The Minority in Parliament has issued a stern warning to potential investors, particularly foreign interests, against pursuing any takeover of AirtelTigo without the necessary Parliamentary approval. They assert that such a move would be considered an international agreement subject to oversight by Parliament.
During a session in Parliament, Samuel Nartey George, the Deputy Ranking Member on the Communications Committee, emphasized that any deal to sell AirtelTigo must be promptly presented to Parliament by the Communications Minister, Ursula Owusu-Ekufful. Failure to do so would render the agreement null and void under Ghanaian law.
Mr George cautioned foreign investors to exercise caution, highlighting that purchasing assets without parliamentary approval would not be legally recognized within the country. He emphasized the need for adherence to Ghanaian laws, asserting that any violation would be subject to scrutiny and potential consequences.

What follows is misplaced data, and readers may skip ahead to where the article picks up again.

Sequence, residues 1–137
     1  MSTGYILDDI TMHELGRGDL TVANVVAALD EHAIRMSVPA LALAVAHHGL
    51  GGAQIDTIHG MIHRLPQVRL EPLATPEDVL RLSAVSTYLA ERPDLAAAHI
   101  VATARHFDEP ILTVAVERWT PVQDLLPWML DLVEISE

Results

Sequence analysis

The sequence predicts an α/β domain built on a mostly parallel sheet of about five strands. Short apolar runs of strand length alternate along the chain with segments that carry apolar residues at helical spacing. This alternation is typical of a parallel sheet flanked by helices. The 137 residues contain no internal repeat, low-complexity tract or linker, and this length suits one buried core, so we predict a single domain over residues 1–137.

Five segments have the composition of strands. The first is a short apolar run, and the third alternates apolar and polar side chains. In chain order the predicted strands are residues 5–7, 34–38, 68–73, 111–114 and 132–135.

Furthermore, Mr George stressed that the minority side of the communications committee would provide comprehensive information to the media, ensuring transparency regarding the sale of AirtelTigo. He reiterated that the deal cannot proceed without Parliament's official involvement.
The concerns raised by the minority extend to the substantial debts owed by AirtelTigo, including nearly GH₵200 million owed to a tower company in the country. Mr George questioned the implications of these debts in any potential deal, emphasizing the need for clarity on how they would be addressed.
Overall, the Minority in Parliament insists on parliamentary oversight and scrutiny of any deal involving AirtelTigo, citing legal obligations and financial considerations that must be addressed before proceeding with any takeover.